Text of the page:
The Thomson House Pollinator Plantings project seeks to enrich the ecological systems already established on the Thomson House grounds by improving a presently unaddressed and weak component of them. By adding hearty pollinating plants to the ecosystem, project participants hope to increase food production and interest in the garden.
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In the summer of 2014 both a beehive and a container vegetable gardening project were initiated on the Thomson House property. Following a workshop which brought the participants of these projects together to discuss their interdependence, the group members listed of this project decided to increase the number of plants which support pollinators on the Thomson House grounds.
At present, the limited number of flowering plants on the Thomson House grounds is a critical gap in the ecological processes of pollination and food production the aforementioned projects seek to attain. By planting more flowering plants, the project team wishes to ensure that the bees in the hive have adequate nectar and pollen sources nearby, and attract other pollinators to the site, benefitting the container gardens.
These plantings will provide aesthetic and health benefits, and will enhance use of the grounds by PGSS and Montreal community members. This project seeks to enrich the ecological systems already established on the Thomson House grounds by improving a presently unaddressed and weak component of them.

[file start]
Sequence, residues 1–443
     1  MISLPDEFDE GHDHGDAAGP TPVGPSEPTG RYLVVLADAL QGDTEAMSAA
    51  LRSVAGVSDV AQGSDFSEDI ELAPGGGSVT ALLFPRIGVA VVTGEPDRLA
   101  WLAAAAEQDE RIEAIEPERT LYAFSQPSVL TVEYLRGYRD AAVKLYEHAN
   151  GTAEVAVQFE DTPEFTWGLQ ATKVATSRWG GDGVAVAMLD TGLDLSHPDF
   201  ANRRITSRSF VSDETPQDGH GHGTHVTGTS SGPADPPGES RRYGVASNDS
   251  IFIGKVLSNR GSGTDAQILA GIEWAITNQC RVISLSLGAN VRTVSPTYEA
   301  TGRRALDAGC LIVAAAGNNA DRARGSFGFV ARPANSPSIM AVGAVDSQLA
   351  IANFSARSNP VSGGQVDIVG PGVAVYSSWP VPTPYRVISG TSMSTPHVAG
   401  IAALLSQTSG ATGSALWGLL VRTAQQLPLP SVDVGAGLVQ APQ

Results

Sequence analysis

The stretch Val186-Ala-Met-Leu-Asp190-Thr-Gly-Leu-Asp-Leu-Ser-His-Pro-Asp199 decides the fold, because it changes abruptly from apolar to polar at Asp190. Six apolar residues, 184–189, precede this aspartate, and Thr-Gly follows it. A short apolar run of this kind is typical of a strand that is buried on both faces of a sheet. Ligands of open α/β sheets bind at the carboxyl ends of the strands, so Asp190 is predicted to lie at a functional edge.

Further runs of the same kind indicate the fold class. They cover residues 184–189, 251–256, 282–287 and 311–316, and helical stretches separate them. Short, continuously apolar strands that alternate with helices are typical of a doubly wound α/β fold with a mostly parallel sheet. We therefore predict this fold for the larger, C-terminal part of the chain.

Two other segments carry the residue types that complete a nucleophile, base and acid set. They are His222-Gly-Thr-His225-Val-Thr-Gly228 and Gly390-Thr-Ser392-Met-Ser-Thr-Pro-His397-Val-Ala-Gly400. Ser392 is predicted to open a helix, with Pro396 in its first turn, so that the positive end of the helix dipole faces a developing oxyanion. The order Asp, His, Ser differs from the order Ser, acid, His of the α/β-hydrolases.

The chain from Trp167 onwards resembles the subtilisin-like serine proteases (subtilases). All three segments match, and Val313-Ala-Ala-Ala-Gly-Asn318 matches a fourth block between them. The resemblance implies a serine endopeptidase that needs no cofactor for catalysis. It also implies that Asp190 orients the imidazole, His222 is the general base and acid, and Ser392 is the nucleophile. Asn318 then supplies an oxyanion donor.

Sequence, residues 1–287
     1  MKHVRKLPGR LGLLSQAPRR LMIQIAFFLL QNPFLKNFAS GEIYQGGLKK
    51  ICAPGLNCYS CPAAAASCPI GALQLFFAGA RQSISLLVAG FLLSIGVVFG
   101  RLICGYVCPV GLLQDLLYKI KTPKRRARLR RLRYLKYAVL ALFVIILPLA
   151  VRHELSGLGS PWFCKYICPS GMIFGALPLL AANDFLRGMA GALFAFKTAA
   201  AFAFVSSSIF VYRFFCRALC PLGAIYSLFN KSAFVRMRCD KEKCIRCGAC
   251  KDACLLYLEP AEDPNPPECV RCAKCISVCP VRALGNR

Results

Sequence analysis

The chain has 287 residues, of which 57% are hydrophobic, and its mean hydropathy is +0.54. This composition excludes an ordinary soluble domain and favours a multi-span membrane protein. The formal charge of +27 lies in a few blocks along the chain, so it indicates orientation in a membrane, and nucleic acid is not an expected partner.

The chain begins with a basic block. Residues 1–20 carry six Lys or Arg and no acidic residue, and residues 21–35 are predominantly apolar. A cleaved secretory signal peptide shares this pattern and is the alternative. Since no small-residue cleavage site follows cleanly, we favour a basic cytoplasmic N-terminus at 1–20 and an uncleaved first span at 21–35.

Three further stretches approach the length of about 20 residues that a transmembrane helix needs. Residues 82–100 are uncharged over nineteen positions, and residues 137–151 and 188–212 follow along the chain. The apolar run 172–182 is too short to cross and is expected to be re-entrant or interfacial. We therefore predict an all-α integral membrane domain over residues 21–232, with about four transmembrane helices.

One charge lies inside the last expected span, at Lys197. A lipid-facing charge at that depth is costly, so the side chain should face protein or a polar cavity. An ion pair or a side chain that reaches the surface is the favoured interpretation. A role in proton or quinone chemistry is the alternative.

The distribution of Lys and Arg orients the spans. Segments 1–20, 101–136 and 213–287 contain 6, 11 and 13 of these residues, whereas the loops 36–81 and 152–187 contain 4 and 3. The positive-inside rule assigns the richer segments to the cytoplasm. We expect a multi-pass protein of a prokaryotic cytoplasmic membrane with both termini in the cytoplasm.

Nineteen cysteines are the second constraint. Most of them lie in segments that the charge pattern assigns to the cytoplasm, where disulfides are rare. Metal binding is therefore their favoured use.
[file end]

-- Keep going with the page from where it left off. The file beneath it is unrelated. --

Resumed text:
The objectives of this project are to: increase the number of flowering plants desirable to pollinators and thus the yield of the container gardens and herb garden plots; increase the visual interest of the garden; and increase the knowledge and understanding amongst community members about the importance of supporting urban pollinator populations.
It has been intentionally planned that all physical materials acquired for this project are either biotic or soil components. Locations for vining plants have been chosen close to structures which can serve as supports, tools for planting and maintenance will be borrowed from other McGill parties, and documentation will be compiled and stored electronically.
Resources from the SPF will be used to purchase plant materials, all other inputs such as labour and tools are being provided voluntarily.
All visitors to and users of the Thomson House grounds will benefit from the project as it enhances the visual, tactile and aromatic interest of the grounds, in particular as it addresses portions of the grounds which are presently untended. Project participants hope to notice an increase in food production.
Bee photo by Michael Bisson
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